Haghartsin was destroyed during the Seljuk-Turkish invasions in the 12th century, then it was restored by the efforts of the Artsrunis, Zakaryans and the Georgian King George III, who settled here, becoming the center of spiritual, cultural, scientific thought of Armenia. Musicology in particular has developed from the sciences here. A century-old walnut tree grows next to St. Astvatsatsin Church in Haghartsin, which, according to experts, is the same age as the church. According to the legend, it was planted by the master builder of the monastery, who used to plant walnut next to the churches he built. Over time, this huge tree had a large bellows in which the visitors of the monastery loved to be photographed, but in 2013, due to human negligence, the centuries-old beauty caught fire. There is a special khachkar next to the walnut․ The flowering branches of the cross continue, re-seeding, creating a double cross-shape. It has the symbol of resurrection. The underpass leads from the monastery complex to the river. In the territory of the monastery, on the rocky slopes, there are prayer halls. The 350 kg bronze cauldron found in Haghartsin is a masterpiece of metallurgy. The year of preparation is engraved on it – 1232. The boiler handles look like lions. The bronze cauldron is kept in the History Museum of Armenia. At the beginning of the 20th century, Archimandrite Poghos gave shelter here to the children who escaped from the Armenian Genocide, whose descendants now live in Dilijan. According to another etymology of the name of the monastery, hagar means a panther, tsin means to give birth, to be born. Haghartsin was the place where panthers were or are born. Haghartsin was renovated with the funding of Sheikh Dr. Sultan bin Mohammed Al Qasimi, the Governor of Sharjah in the United Arab Emirates. During an official visit to Armenia in 2005, he visited Haghartsin and admired its beauty and magnificent architecture. Feeling the presence of God here, the sheikh separated for about 15 minutes in St. Gregory the Illuminator Church and prayed. After that he confessed that he was deeply influenced by the sacred power of the monastery. According to the testimonies, there is a renovated image of Haghartsin in the office of an Arab benefactor, and the sheikh is very proud of the work done.


Goshavank or Nor Getik is located in Gosh village, on the bank of Getik river. It was built in 12-13th centuries․ It was a spiritual, large educational and cultural center.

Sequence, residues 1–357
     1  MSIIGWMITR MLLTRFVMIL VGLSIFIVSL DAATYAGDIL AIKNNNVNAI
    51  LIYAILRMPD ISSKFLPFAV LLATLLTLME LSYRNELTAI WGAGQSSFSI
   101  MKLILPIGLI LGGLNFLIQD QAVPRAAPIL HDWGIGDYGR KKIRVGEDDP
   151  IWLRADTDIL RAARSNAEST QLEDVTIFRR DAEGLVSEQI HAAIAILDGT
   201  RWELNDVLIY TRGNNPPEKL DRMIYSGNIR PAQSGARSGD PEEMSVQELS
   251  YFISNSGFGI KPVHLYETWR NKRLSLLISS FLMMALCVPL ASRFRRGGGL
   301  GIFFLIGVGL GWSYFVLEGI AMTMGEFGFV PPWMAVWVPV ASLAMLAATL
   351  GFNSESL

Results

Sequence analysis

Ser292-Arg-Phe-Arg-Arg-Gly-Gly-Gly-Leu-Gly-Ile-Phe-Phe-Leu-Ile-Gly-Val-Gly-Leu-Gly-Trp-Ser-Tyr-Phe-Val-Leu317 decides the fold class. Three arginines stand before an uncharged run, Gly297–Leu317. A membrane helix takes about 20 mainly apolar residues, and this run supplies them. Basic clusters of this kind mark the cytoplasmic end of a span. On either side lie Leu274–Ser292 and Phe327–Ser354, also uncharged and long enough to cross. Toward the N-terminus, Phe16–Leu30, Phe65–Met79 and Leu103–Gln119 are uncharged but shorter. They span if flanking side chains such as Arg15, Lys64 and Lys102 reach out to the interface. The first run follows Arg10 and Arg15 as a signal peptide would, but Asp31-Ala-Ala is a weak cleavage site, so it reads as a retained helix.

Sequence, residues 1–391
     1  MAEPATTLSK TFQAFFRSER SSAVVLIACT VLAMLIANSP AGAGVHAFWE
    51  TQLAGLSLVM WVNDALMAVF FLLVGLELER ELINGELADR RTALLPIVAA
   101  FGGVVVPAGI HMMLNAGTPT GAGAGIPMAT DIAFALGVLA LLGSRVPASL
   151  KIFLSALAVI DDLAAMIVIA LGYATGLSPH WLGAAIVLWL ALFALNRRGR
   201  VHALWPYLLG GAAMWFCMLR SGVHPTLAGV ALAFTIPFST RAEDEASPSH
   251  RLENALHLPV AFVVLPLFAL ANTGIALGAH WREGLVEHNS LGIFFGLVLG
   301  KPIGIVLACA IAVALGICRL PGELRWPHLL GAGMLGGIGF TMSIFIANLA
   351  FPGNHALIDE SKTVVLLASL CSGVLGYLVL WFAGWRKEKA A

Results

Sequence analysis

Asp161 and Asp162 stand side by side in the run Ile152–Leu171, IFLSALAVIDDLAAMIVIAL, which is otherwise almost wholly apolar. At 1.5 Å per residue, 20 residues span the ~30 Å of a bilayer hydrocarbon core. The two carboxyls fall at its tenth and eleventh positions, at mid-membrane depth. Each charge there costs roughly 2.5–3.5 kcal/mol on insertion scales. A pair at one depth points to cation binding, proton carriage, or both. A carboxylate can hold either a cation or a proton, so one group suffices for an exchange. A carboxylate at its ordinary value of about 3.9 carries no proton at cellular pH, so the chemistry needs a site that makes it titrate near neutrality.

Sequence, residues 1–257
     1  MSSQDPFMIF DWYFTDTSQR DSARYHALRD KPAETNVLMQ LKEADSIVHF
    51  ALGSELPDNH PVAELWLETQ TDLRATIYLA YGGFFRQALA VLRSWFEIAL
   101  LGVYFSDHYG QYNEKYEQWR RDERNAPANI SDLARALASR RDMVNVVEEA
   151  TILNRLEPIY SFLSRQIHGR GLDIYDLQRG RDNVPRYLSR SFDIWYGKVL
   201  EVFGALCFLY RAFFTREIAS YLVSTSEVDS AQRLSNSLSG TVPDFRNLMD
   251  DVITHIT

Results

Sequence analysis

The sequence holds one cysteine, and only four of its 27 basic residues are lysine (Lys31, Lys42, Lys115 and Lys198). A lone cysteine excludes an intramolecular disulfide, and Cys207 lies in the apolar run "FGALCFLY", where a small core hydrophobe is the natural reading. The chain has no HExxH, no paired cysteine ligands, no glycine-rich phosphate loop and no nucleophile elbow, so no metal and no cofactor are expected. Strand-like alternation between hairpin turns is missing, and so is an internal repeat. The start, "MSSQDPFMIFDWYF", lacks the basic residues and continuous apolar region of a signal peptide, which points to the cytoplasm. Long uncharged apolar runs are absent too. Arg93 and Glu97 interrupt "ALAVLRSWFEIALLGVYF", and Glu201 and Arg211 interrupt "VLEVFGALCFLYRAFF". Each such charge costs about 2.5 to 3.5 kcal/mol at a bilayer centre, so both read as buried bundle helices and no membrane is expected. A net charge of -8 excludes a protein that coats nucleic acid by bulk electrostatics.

The monastery complex was built near the Getik monastery, which was completely destroyed by a powerful earthquake, in the beautiful Tandzut gorge surrounded by forests. The great medieval scientist, jurist, pedagogue, fable writer, psychologist Mkhitar Gosh was educated and served in Getik. Uniting the monks after the earthquake, he founded the Nor Getik monastery with the support of Prince Ivane Zakaryan, which gained great fame in a few years. People from different parts of Armenia came to study at Gosh․ The teacher was known both for his virtuous behavior and as a great scientist. After the death of Mkhitar Gosh, Nor Getik was renamed Goshavank. Goshavank Seminary, a large scientific-educational center of the time, which in historical sources was called a monastery, university, taught the art of writing, Armenian, Greek, Latin, law, grammar, philosophy, calendar, rhetoric, music, medicine, painting. By the way, here for the first time jurisprudence has been studied as a separate direction of science. The formation of the complex took 100 years, including St. Astvatsatsin, St. Gregory, St. Gregory the Illuminator, St. Gorg churches, a vestibule, a library-bell tower, chapels, khachkars, the tomb of Mkhitar Gosh. The main church of the monastery is St. Astvatsatsin, which was founded in 1191. According to the inscription preserved in the vestibule of Goshavank, the church was built by the famous architect Mkhitar Hyus. It is said that he received the nickname “Carpenter” for the first wooden church built in Nor Getik. The inscription left on the arch of the vestibule of St. Astvatsatsin testifies that the architect worked in Nor Getik from childhood to old age. St. Gregory the Illuminator Church is small in size and very elegant, which is why the 13th century historian Kirakos Gandzaketsi (who studied in Goshavank) called it “marvelous”. The decoration of the church is one of the exceptional manifestations of the Armenian medieval decorative art. The Goshavank bookstore-bell tower was an example for the two-storey churches of the 14th century. Many manuscripts have been preserved in the monastery, some of which, unfortunately, have not been preserved, they were destroyed during the hostile attacks, also during the years of Sovietization of Armenia. The magnificent appearance of Goshavank is completed by high-art khachkars. The “decorated” khachkars on both sides of the entrance of St. Gregory the Illuminator Church (one of them is now in the History Museum of Armenia) are unique in their kind, as they are the first samples of “decorated” khachkars. The khachkars of Master Poghos are, in general, masterpieces of Armenian khachkar making. After the death of Mkhitar Gosh, his students built St. George’s Church on the hill on the site of their teacher’s house. In 1958, a monument dedicated to Mkhitar Gosh was erected near his tomb. Later the Goshavank Museum was opened.